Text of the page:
Wednesday marked the start of Berlin’s 10-day DMY International Design Festival, including a cross-section of emerging and established designers from Germany and abroad, as well as lectures and even a tour of design-driven nightlife destinations. Joerg Suermann, DMY founder and managing director, explains how this year’s fair is different from past years. www.dmy-berlin.com
How will this year’s festival change from previous years?
During past years, as DMY Berlin, we used to be a part of a Berlin-based design festival. This year, we are the festival itself. With the DMY Youngsters, our focus over the past few years has been on up-and-coming designers. This year, however, we also offer renowned designers a platform via the DMY Allstars, where we will present the work of artists such as El Ultimo Grito, Studio Aisslinger, or Nik Schweiger. The DMY Design Symposium offers international designers the opportunity to exchange views on design-related themes. Allison Dring, Daniel Schwaag, and Jerszy Seymour are a few of the speakers. Finally, this year’s festival does not reduce itself to a single location and a single thematic field, but spreads throughout the entire city.
What are some highlights from this year’s show?
This year, for the first time, we have worked with an international jury whose members have selected the 10 best projects from more than 300 applications. My personal favorites include the projects by Aylin Kayser and Christian Metzner, Kwangho Lee, Chris&Ruby in Friesland, and Maria Makowska and Piotr Stolarski. I am especially fond of Aylin Kayser and Christian Metzner’s work because of their poetic approach to light and warmth, and how each melting wax lamp is perfectly unique. Kwangho Lee’s project fuses traditional techniques with modern materials, creating lamps that evoke sculptures (see I.D.’s news post from April 25, 2008). These projects lie precisely at the border between art and design. Chris&Ruby’s work combines design with social themes, evidenced by the ironic manner in which they deal with a familiar product. However, Maria Makowska and Piotr Stolarski’s cuttable radio, Gogo, also reflects the spirit of DMY. With this product, the consumer takes part in the creative process by cutting out his radio himself.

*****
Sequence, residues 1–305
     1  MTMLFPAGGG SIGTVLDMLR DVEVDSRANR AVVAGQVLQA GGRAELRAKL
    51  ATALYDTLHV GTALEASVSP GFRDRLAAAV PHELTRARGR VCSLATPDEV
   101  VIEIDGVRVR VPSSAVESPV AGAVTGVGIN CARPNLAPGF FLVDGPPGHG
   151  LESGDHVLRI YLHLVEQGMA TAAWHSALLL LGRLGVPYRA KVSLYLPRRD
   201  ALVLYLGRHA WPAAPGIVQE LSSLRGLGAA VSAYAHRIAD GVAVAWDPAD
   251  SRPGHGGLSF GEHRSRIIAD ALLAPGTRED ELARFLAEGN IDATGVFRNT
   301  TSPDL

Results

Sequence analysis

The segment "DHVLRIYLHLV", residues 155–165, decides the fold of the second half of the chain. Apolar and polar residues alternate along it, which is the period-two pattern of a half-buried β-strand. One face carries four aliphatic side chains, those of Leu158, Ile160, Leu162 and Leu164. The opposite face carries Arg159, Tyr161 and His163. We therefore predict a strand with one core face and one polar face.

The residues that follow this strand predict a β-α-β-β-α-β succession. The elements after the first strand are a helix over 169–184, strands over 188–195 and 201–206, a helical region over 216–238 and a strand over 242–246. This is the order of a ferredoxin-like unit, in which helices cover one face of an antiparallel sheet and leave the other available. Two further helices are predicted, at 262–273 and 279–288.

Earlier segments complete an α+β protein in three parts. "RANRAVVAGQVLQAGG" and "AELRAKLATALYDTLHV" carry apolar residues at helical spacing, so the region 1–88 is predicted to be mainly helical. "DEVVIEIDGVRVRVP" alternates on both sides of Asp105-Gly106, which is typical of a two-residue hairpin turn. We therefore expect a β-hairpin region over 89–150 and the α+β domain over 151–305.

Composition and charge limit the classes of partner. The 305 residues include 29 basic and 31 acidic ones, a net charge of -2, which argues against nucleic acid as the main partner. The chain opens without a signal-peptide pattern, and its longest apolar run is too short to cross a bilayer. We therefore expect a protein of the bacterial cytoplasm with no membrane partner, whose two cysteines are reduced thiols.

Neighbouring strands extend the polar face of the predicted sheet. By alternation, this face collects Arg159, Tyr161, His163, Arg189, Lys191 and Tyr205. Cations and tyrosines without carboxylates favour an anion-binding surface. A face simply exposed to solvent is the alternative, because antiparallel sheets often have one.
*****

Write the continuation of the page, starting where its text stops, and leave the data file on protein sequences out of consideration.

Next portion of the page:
What can you say about the current state of German design at home and abroad?
These days, it is becoming increasingly difficult to recognise, or define, national design. In other words, while there certainly are German developments and trends, they don’t just influence the national design scene—the international design scene also relies on German designers, and vice versa.